Mabel O’Brien was the best schoolteacher I ever had, and I had made her angry. This being back when teachers could punish pupils, I knew there was punishment in store; but she just stood there and stared at me. I finally mustered enough nerve to ask, “Well what’s going to happen to me?” She replied, “I can’t decide right now; I’ll have to wait until I get over being mad at you.”
It’s impossible to be effective and angry at the same time.
Losing your temper is an admission that you’ve run out of ideas.
An ounce of don’t say it is worth a ton of I didn’t mean it; it’s easier to swallow angry words now than to eat them later.
We always have the choice of ignoring insults.
Those who truly know don’t need to get angry.
The angriest people are usually those who know they’re wrong.
Your temper is too valuable a possession to lose.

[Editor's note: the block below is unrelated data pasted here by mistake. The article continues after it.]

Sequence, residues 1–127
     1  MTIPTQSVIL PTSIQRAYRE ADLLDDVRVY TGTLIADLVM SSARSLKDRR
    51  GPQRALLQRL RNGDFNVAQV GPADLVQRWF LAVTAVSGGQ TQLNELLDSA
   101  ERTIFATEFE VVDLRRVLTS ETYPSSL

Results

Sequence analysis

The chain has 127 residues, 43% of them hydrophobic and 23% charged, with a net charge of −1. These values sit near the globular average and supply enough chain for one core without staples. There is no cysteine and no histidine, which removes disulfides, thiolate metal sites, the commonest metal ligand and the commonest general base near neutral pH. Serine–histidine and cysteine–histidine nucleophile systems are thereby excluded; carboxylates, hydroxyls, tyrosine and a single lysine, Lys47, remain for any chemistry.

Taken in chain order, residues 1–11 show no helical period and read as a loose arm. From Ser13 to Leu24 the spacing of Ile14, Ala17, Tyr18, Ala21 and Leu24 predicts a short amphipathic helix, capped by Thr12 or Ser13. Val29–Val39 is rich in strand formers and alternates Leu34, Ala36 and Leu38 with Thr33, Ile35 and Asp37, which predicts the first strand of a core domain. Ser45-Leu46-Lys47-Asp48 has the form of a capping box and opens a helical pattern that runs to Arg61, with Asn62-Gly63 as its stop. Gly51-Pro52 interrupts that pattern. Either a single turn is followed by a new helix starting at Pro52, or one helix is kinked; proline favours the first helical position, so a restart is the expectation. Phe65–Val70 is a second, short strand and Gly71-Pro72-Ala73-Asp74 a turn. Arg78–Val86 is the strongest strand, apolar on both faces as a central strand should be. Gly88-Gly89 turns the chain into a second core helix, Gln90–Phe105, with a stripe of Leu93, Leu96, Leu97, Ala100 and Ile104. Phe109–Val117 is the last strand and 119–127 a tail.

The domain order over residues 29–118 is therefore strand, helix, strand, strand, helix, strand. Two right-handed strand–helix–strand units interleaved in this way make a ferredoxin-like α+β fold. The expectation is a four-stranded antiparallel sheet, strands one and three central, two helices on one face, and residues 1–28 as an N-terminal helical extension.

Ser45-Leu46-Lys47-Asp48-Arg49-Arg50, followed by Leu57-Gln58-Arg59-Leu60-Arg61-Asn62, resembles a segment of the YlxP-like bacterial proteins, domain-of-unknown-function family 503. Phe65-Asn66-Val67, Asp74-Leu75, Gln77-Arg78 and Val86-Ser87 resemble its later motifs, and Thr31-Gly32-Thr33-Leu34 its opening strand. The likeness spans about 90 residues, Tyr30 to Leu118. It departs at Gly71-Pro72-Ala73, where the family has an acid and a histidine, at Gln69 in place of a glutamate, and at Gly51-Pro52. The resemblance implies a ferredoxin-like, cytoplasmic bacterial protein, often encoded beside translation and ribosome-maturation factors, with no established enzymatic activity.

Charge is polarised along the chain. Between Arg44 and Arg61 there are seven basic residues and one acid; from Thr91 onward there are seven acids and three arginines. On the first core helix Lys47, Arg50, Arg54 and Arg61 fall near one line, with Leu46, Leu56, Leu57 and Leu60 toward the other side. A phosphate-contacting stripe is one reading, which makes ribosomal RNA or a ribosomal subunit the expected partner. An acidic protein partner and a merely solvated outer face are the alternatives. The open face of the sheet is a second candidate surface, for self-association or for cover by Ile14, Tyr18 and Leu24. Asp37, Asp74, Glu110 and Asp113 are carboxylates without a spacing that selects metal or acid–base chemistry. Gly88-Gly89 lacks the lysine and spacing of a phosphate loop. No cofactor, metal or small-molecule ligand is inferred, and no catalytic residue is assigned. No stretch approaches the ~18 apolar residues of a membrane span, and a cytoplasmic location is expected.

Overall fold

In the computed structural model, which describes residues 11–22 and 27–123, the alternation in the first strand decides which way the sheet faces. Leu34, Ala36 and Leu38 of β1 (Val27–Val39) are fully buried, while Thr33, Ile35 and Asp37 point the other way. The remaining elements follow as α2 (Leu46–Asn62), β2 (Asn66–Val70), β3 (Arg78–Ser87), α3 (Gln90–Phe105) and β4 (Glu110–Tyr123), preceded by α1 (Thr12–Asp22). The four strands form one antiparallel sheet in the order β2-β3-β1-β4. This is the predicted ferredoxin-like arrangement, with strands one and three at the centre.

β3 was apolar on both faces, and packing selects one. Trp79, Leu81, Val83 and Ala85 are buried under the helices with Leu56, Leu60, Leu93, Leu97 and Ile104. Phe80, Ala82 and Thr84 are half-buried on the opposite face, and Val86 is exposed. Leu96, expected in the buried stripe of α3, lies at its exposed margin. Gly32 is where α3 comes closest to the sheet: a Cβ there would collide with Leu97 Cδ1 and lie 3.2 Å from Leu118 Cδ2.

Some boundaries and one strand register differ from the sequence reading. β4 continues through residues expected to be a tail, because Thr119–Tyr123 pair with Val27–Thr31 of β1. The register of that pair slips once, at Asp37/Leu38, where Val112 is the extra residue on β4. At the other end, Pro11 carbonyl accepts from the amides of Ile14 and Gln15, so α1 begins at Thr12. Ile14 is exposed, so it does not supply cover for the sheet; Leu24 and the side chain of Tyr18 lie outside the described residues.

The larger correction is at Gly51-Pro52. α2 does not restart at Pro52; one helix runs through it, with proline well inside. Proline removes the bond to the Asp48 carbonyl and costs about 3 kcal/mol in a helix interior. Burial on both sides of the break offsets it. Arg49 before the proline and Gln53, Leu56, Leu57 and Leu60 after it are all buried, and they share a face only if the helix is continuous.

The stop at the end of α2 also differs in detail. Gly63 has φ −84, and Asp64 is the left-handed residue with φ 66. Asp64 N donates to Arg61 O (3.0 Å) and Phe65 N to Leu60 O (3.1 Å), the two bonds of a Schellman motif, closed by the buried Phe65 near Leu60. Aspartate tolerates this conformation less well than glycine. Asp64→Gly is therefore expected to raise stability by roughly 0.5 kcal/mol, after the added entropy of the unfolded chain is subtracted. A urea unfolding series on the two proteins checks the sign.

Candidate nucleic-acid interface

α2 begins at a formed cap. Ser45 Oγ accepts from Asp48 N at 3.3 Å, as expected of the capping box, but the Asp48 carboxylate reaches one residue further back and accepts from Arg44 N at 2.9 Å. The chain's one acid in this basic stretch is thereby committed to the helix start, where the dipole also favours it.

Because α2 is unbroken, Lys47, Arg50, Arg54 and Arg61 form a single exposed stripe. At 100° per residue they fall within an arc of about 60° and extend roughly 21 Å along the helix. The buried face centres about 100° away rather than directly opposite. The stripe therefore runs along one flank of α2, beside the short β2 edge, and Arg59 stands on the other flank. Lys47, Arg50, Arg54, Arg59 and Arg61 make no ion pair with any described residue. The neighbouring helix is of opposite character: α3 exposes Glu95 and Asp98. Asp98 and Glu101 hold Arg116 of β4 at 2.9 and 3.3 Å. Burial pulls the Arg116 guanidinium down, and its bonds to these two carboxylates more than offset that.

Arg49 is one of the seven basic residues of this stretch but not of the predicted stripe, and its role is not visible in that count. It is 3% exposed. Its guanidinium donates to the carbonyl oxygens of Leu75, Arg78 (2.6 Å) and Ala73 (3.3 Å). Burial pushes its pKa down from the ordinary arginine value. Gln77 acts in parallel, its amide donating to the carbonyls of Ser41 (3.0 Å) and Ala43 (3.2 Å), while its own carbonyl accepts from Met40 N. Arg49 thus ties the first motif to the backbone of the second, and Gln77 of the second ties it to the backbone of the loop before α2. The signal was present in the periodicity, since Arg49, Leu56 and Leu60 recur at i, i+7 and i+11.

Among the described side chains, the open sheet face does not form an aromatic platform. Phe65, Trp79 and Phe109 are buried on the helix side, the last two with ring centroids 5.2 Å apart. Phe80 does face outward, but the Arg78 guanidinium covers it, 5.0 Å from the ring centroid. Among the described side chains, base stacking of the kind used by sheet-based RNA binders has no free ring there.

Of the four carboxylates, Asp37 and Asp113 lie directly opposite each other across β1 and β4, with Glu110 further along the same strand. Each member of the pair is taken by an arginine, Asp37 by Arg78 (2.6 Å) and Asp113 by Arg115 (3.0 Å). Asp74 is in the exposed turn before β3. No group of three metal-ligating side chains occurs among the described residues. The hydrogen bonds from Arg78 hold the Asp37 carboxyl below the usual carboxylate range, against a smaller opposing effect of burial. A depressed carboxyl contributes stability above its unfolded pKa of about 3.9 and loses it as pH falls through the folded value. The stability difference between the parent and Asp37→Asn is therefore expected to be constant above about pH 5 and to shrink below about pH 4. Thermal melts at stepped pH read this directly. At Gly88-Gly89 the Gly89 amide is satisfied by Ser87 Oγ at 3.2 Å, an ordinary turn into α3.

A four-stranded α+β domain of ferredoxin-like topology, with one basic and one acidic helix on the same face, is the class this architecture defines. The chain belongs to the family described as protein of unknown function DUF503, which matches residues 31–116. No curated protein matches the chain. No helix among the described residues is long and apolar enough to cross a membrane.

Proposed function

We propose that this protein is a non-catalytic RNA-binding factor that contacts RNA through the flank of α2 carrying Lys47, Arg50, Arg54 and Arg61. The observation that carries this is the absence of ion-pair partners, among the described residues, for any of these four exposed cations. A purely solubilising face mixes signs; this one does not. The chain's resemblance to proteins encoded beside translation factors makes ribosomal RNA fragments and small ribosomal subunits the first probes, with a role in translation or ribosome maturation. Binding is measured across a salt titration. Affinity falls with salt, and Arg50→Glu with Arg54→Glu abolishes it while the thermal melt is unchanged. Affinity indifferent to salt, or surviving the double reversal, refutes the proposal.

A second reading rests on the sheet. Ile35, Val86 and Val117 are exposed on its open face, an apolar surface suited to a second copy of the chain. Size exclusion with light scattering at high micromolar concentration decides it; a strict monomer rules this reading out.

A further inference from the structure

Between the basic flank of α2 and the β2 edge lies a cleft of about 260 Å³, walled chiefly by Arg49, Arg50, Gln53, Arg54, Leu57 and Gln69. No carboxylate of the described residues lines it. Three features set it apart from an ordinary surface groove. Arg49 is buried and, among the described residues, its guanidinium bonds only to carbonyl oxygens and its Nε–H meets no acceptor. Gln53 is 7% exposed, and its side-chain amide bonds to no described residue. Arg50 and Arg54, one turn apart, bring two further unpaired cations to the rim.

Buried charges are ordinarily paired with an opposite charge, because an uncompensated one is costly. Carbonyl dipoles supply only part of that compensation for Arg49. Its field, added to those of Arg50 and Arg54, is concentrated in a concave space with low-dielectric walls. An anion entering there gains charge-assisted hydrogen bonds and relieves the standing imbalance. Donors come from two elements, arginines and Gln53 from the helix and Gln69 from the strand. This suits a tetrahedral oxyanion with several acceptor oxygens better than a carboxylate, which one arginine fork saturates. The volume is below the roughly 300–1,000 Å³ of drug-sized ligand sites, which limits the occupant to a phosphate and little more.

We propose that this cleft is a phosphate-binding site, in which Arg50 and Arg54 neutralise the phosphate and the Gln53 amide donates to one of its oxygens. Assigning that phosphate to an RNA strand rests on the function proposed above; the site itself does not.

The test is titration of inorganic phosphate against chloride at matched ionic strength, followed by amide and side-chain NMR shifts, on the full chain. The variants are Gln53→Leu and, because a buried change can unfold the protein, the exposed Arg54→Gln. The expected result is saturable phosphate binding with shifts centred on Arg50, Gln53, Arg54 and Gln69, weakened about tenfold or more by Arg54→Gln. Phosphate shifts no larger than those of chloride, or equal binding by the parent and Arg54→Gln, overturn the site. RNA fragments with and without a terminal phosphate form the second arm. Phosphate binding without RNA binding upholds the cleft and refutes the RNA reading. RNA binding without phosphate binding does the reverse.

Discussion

When right, we can afford to keep our temper; when wrong, we can’t afford to lose it.
It may take years to build a relationship, but one angry act can destroy it.
Only the immature stay angry; the mature get over it.
When you become angry, you’ve lost.
Anger may get us into trouble, but it’s usually pride that keeps us there.
One problem with fighting fire with fire is that you end up with a lot of ashes, which is why the fire department uses water.
The difference between a conviction and a prejudice is that a conviction can be explained without anger.
Angry people usually don’t cool down until they blow off their head of steam; there’s no point trying to reason with them until they do.
One problem with giving everyone a piece of your mind is that you may not have enough left.
Be especially wary of people whose anger is fuelled by hatred.
Just because someone is yelling at you doesn’t mean you’re wrong.
If someone you love gets angry with you when you’re only trying to help, the odds are it’s just because the timing isn’t right.
Angry people should be dealt with individually, not in a group where they can reinforce each other.